Today, Qualcomm unveiled two new always-connected PC chips, the Snapdragon 7c and 8c. Both are more affordable versions of the more powerful 8cx, aimed at making ACPC’s more affordable for the mainstream.
ACPC’s have had a hard time catching on since their inception, even if the value proposition is sound. Mobile SoC’s have been optimized for years to be as powerful as possible while sipping a super small amount of power, so giving more traditional laptops the same capabilities is an exciting concept. The biggest problem with these units has been twofold – cost and app support.
With the 7C and 8C, Qualcomm is attempting to solve the former. Mid-ranged chips that can do the basic PC things in any location can appeal to most markets. I mean, who wouldn’t want a computer with multi-day battery life that works almost anywhere?
And when Microsoft’s premium Surface Pro X was announced in October, it was an effort to push ACPC’s into the public eye. If Microsoft, the company that makes Windows is invested in ACPC’s, they must be the future, right?
Chrome OS fills the same use case.. and more
Today, I covered Qualcomm’s keynote with a Chromebook, and I realized that Chrome OS can also do the basic PC things. I can write articles, peruse the internet, and most importantly, I can run Android apps.
The biggest problem with Windows on Arm is the fact that developers have to compile their apps for the platform or best performance. Even though this is increasingly easy to do, developers won’t have a huge incentive to do so until ACPC’s hit critical mass. Even Adobe, who drives a lot of interest in Microsoft’s creative-forward Surface line has yet to get its creative suite running natively on Arm.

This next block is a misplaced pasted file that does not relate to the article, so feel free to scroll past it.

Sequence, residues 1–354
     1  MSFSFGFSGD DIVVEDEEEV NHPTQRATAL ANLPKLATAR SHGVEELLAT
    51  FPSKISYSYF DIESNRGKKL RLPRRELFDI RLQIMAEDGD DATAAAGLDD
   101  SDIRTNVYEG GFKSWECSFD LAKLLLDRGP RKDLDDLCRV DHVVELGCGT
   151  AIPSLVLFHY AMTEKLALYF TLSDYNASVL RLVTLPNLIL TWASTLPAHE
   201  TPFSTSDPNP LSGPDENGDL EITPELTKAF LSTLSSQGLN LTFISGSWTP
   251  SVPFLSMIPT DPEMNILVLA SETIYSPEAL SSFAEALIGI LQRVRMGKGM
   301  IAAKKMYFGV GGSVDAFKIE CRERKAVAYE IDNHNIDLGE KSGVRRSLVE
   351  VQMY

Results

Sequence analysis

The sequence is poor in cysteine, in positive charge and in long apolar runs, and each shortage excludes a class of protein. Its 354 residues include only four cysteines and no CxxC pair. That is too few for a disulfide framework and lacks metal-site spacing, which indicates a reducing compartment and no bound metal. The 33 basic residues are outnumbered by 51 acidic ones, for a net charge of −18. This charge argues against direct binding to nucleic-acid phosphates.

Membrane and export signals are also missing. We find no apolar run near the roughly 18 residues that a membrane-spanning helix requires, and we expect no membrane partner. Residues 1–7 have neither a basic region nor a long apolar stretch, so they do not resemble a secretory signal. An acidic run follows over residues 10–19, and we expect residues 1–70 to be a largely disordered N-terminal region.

On Android, there’s an app for that. Nearly every website, service, and platform has a mobile-focused version, simply because smartphones have taken over the world. We’ve reached a point where PC’s are making native desktop versions of mobile apps, rather than the other way around.
Give me LTE. And 5G, while you're at it.
With an ACPC Chromebook, you’d have access to all the basic versions of the apps and services that most people use every day. Sure, you’re not going to able to use the full version of Adobe Premiere or Photoshop, but did anyone expect a 7W chip to do that anyway? The app would need to be completely re-designed for Arm to run its most efficient. But they already have been redesigned for Arm. On Android.
Since the beginning, Chrome OS has been designed around power efficiency and the web. Most of the work you do on a Chromebook is offloaded to some server somewhere, so they don’t take much power to run well. This makes them the perfect use case for a cheaper ACPC. They take little power to run and the app ecosystem is already compiled natively for Android. It’s a match made in heaven.
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Full-powered ACPC’s are still exciting, especially if full native app support becomes more common. But currently, most of the apps Microsoft has compiled for Arm don’t need to always be connected to the internet. Chrome OS, on the other hand, runs on the web.